Meyer, ranked No. 3 in the world amateur rankings, can join a very select group if he repeats as Western Amateur champion. Only six have done it, the last being Justin Leonard in 1992-93. The first was Chandler Egan, in 1904-05, and the others ranged from Chick Evans in the 1920s, to Bud Ward in the 1940s, to Frank Stranahan in the 1950s to Hal Sutton in 1979-80. Evans and Stranahan, both lifetime amateurs, won the title more than twice in the tournament’s early years.

Hardy and Meyer helped Illinois reach the semifinals of the NCAA tournament at Rich Harvest Farms, in Sugar Grove, in May and then took to the national scene. Both competed against professionals in this month’s John Deere Classic but the Western Am presents a much different challenge. It’s basically two tournaments wrapped up in one.

Players gather for practice on Monday (JULY 31) with the full field playing 18-hole rounds on Tuesday and Wednesday. Then the field is cut to the low 44 and ties for two more rounds on Thursday, Aug. 3. Those 72 holes over three days will decide the 16 qualifiers for the two-day match play portion of the tournament. The champion will be crowned on Saturday, Aug. 5.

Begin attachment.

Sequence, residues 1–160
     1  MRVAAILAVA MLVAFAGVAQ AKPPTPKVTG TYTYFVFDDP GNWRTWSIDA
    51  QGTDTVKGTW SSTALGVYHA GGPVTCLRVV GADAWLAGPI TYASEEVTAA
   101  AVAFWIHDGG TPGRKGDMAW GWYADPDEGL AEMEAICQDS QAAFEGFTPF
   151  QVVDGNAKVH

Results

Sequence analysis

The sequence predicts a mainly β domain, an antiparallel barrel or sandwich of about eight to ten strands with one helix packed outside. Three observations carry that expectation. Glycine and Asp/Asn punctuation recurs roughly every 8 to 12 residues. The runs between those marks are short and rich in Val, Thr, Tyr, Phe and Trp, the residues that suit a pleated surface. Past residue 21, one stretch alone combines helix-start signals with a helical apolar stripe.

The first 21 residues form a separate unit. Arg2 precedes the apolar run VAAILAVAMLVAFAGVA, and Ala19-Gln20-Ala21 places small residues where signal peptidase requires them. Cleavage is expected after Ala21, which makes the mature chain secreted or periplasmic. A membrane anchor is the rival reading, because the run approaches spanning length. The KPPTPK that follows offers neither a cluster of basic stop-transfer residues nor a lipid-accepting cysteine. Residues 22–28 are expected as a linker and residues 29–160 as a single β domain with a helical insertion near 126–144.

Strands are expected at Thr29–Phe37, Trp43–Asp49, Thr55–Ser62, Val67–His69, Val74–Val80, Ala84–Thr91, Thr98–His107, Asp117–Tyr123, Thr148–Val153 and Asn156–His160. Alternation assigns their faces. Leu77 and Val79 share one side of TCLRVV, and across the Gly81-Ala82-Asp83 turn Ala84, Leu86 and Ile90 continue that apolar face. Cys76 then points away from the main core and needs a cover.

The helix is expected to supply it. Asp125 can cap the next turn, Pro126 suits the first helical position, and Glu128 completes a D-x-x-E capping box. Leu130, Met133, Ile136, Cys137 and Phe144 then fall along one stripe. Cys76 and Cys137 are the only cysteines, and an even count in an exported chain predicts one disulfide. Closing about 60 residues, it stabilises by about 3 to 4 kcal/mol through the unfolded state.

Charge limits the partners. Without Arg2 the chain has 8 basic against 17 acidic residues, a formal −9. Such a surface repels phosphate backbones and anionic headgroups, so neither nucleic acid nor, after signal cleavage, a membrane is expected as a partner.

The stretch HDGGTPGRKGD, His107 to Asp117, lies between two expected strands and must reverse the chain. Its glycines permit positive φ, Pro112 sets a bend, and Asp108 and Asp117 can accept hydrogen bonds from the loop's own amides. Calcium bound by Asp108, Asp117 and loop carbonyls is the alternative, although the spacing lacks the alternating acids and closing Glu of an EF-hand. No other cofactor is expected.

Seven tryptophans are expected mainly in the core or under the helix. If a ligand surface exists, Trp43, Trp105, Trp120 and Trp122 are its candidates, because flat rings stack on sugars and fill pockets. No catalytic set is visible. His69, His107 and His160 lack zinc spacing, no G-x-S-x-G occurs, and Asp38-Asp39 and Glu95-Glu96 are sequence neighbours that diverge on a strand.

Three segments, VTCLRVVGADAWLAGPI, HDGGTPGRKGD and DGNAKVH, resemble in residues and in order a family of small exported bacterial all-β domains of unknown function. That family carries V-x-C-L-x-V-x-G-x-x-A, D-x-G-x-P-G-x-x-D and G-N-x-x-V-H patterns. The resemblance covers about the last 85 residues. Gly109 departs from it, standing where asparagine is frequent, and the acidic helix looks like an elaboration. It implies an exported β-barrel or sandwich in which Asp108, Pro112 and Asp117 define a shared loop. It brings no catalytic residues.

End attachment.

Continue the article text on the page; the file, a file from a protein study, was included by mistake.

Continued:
Skokie hosted the tournament in 2010 when David Chung won the title, beating a field that included PGA Tour stars Jordan Spieth and Patrick Reed.

Like the tournament itself, the host club has a rich history for hosting big events. Originally a Donald Ross design, Skokie has also hosted the 1909 Western Open, the 1922 U.S. Open and 1998 U.S. Senior Amateur. Skokie was one of 11 charter clubs that established the WGA in 1899 to spread the game of golf across the Midwest. Only seven still exist.

Oak Meadows timetable

The long-awaited opening of The Preserve at Oak Meadows, the Forest Preserve District of DuPage County’s renovated facility in Addison, is closing in.

The range and practice area opens on Monday (JULY 31) and that also coincides with what Ed Stevenson, executive director of the District, dubs Test Drive Week. Season tee time members and various golf industry personnel will get a sneak preview opportunity from July 31 to Aug. 6 and the course will open to all golfers on Aug. 7.

The formal grand opening will be held next April and the potential ground-breaking on a new clubhouse is expected in the summer or fall of 2018.